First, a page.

3 Tri-City utilities to start pilot project on storing electricity

Three Tri-City-area utilities plan to start a pilot project in September to show how utilities might be able to store electricity when it's cheap and then release it back to the grid when it's in demand.

The project will help guide research that could make day-to-day storage of electricity by utilities practical, saving customers money and making better use of wind and solar power sources.

Benton PUD is an original participant in the Pacific Northwest Smart Grid Demonstration Project led by Battelle and paid for in part by the Department of Energy.

Franklin PUD and the city of Richland also have been added to the demonstration project through their involvement with the Tri-City Development Council's Mid-Columbia Energy Initiative.

"Demand shifter" devices have been installed by all three utilities.

Each utility has a large metal cabinet, about 6 feet tall and 6 feet wide, filled with batteries to store electricity at times it is not needed.

Battelle, which operates DOE's Pacific Northwest National Laboratory in Richland, will transmit information showing when the price of electricity increases and decreases to a computerized system controlling the demand shifters for the three utilities.

The demand shifters then can store electricity at off-peak hours when electricity is most abundant and least expensive for the utilities. It then can release the electricity back to the grid when demand is high, such as evenings when people are home and using more electricity.

The pilot project is being done on a small scale over two years, with each utility able to store 10 kilowatts for four hours. The average house uses about 1,400 kilowatt hours a month, according to Benton PUD.

"The project should provide some really good background," said Karen Miller, spokeswoman for the Benton PUD. "We're going to learn a lot in the next two years about how energy storage can be incorporated into the utility system."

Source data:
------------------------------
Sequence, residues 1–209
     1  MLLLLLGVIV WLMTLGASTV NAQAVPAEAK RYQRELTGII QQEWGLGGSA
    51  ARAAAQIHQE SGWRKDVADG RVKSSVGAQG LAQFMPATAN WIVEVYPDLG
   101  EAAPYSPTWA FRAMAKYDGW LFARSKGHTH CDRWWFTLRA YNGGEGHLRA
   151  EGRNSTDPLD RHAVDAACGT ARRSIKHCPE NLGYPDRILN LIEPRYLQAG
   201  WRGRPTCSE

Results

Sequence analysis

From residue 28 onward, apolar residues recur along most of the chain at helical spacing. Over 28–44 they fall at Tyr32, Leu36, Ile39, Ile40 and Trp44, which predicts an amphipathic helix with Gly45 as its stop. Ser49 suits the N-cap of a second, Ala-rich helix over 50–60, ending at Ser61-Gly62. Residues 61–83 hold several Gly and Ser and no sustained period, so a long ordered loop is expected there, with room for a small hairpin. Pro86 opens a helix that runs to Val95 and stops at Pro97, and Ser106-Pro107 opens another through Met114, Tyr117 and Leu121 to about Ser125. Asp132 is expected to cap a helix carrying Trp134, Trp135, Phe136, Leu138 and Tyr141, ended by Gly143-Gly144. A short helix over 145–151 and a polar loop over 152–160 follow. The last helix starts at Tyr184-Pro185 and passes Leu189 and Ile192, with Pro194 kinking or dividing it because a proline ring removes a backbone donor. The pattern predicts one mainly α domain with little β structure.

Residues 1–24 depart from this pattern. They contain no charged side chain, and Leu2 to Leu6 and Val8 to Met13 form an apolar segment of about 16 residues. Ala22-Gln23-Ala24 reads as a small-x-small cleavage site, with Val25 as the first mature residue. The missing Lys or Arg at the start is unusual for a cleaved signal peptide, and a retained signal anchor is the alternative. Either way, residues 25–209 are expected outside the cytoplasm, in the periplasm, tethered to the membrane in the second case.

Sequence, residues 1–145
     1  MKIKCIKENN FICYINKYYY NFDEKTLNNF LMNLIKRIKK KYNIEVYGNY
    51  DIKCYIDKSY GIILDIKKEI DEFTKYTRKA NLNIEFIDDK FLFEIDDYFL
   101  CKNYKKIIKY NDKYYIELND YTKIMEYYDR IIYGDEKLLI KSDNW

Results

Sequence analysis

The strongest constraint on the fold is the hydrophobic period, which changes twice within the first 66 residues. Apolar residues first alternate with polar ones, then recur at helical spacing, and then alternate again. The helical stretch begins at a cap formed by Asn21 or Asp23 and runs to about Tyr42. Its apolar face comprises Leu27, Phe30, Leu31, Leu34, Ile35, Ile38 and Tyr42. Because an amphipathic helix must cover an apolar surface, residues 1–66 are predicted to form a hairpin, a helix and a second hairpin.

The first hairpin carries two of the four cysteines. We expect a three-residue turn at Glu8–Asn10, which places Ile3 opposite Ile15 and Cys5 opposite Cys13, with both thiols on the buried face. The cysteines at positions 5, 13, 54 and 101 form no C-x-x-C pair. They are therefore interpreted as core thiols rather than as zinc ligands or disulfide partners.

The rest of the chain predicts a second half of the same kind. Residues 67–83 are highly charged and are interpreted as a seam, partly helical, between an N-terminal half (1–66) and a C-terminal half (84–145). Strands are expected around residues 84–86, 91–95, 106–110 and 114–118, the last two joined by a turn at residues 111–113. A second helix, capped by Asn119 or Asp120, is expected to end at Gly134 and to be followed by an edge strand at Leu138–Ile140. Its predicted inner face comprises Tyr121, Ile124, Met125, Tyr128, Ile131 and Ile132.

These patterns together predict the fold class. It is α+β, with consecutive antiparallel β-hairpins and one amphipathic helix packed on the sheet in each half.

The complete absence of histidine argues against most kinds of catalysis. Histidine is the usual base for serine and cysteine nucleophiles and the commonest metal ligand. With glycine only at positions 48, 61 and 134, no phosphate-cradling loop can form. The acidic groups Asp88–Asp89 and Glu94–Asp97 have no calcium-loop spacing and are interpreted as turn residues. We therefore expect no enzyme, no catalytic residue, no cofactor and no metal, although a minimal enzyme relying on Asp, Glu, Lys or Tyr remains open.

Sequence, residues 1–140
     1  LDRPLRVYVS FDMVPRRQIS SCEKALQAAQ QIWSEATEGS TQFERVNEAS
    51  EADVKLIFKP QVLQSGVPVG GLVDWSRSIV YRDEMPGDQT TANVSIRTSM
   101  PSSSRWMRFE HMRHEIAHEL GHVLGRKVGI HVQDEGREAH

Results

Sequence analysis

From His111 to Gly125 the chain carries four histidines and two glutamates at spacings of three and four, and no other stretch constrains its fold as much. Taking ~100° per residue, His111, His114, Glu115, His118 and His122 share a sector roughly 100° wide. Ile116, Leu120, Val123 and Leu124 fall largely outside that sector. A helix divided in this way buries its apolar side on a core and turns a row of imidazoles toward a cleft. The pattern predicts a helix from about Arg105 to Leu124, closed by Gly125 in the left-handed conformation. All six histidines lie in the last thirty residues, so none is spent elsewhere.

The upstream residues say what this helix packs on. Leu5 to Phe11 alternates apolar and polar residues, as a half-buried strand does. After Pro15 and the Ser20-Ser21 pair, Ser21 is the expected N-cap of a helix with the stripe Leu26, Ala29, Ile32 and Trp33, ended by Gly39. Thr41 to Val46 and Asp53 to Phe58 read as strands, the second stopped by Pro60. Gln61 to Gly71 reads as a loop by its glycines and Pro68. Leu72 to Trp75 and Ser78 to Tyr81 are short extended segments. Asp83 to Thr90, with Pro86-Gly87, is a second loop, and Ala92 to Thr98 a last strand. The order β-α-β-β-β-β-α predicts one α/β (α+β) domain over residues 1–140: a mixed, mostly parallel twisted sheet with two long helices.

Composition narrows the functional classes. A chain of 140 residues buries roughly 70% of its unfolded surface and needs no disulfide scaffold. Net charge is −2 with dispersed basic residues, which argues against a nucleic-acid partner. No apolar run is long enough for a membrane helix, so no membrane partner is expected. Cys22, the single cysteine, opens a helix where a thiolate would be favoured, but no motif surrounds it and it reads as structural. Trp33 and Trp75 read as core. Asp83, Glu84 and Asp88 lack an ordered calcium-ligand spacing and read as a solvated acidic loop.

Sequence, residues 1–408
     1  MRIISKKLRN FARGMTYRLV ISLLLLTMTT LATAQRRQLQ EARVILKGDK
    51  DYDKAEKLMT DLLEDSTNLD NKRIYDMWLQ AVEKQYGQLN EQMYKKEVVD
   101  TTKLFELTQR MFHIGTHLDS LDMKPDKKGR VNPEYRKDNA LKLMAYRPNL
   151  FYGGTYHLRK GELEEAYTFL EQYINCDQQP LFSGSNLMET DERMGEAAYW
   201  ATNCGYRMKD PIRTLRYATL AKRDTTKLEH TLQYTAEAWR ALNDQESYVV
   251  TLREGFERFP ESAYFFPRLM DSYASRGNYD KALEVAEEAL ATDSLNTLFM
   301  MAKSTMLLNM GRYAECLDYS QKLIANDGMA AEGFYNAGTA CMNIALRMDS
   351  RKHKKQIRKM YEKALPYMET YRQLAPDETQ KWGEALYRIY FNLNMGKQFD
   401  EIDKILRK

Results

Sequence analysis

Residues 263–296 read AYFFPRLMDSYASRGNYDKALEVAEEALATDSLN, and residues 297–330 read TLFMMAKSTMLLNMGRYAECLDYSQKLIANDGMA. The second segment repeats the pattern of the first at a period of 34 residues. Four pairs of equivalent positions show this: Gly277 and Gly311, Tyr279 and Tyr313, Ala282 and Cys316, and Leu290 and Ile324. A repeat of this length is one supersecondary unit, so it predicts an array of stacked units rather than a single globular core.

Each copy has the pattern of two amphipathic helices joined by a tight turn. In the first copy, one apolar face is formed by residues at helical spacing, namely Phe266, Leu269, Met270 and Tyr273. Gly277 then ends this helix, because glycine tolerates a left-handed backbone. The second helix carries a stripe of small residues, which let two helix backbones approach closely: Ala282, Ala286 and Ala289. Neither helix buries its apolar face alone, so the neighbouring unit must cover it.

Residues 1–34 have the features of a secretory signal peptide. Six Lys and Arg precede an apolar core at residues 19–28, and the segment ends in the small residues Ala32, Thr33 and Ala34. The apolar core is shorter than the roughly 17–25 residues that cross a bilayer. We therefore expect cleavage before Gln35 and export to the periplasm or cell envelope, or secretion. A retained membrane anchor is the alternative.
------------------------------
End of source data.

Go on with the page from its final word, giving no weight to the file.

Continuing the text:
Battelle researchers plan to quantify the costs and benefits of the demand shifter. For the study, a product called Grid.Balancer, manufactured by Demand Energy in Liberty Lake, is being used.

Anytime utilities can use energy more efficiently, it saves money for the customer, Miller said.

It also could help utilities make better use of renewable resources.

"This has the potential to help offset the intermittency of wind and solar, making them a more reliable source of energy," said Jim Sanders, general manager of Benton PUD, in a statement.

Wind only blows a third of the time.

But, should research prove successful, eventually large-scale demand shifter projects could allow electricity produced when the wind is blowing to be saved for some of the times when it is not.

In addition to the Tri-City-area project, 10 other utilities in Washington, Oregon, Montana, Idaho and Wyoming are participating in the Battelle project with different smart grid programs tailored to its customers.

Smart grids enhance power delivery through two-way communication between suppliers and consumers.

DOE provided $89 million in Recovery Act money for the project, with that money matched by BPA, utilities and five technology companies that make up the demonstration project team.